Ball-possession – protecting it when the Rebels have it, taking it away when they don't – has been a point of emphasis for Ole Miss coach Houston Nutt this season.
Follow the turnover margin, and you'll often find teams who succeed there finish with more wins than losses.
In the top 35 teams ranked in turnover margin by the NCAA in 2010, only four – Georgia at No. 19, Rutgers at No. 20, Iowa State at No. 30 and Oregon State at No. 3 – had losing records.
Perusing some Ole Miss numbers yesterday I found it interesting that the Rebels haven't finished with a positive turnover margin since 2003 when it was plus-6. Senior quarterback Eli Manning threw 10 interceptions – which he off-set with 29 touchdowns – but the Ole Miss secondary gained 15 interceptions.
Most of the time problem has been interceptions, which is why Nutt stressed in the off-season that he wanted a quarterback who could avoid “disasters.”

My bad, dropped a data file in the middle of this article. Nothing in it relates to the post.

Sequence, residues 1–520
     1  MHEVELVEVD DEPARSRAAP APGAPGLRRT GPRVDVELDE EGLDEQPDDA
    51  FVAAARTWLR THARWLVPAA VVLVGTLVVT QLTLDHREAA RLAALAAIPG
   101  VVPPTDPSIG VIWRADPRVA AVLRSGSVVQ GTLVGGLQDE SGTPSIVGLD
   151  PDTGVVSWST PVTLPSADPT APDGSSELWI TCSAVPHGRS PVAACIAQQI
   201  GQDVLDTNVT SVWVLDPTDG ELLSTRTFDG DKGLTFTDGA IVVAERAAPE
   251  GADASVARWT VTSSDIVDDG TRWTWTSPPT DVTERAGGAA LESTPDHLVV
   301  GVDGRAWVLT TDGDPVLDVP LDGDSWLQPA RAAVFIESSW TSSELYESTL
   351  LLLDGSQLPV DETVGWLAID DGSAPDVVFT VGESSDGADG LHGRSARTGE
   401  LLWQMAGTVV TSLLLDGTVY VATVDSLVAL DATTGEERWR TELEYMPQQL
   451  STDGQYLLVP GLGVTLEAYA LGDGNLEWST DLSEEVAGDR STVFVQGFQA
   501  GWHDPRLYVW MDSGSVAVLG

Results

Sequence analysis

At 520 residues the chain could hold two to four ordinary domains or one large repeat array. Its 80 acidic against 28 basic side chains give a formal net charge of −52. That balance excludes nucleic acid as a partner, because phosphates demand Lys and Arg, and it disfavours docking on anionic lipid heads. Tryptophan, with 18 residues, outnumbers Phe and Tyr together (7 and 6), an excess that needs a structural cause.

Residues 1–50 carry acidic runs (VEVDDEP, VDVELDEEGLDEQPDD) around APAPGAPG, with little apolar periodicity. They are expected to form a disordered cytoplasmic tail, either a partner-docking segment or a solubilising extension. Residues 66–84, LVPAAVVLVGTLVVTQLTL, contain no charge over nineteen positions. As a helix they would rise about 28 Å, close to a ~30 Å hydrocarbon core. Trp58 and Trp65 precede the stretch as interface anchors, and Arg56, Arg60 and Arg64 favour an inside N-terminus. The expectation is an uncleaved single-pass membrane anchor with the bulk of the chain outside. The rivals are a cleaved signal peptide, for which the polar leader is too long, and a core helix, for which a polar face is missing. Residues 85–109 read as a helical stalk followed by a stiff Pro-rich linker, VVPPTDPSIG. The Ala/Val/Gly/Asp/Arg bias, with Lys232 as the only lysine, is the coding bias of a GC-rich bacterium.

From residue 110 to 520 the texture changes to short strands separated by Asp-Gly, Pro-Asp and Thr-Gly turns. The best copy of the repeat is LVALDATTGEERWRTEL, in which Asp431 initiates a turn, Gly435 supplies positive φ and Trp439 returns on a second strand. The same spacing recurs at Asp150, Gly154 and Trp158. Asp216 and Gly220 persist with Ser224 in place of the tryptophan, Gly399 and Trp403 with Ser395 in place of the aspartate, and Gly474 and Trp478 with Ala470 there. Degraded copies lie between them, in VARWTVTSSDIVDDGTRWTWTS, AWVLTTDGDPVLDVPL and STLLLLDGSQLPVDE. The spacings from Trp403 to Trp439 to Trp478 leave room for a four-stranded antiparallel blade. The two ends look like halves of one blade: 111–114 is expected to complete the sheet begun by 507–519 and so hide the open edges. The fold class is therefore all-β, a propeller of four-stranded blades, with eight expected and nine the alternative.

Going back to 2003, the Rebels have gained more fumbles than they've lost each season except 2008.
However, in turnover margin since Eli, the best the Rebels have been was minus-2 in 2008.
Here are the numbers:
Yesterday Brandon Bolden told me of a greater emphasis on ball-protection than he's ever seen at Ole Miss, describing team-wide drills, not just position drills, aimed avoiding turnovers.
Defensive back Charles Sawyer talked about a heightened awareness in the secondary of taking away the ball. Ole Miss had just six interceptions last year.
Nutt says he's seen good things from his quarterbacks with ball-protection and has extreme confidence in David Lee to have them prepared.
“They have been really good. I don't think there is anybody that coaches the way David Lee does. He can get it done. He will do the best job and have them ready. He can take quarterbacks that have not played on this level in college and make sure they are ready. He can show them how to take care of the ball and stay away from disaster. I feel so much better this week than I did last week and the week previous to that. They just keep getting better. Now they have to play.”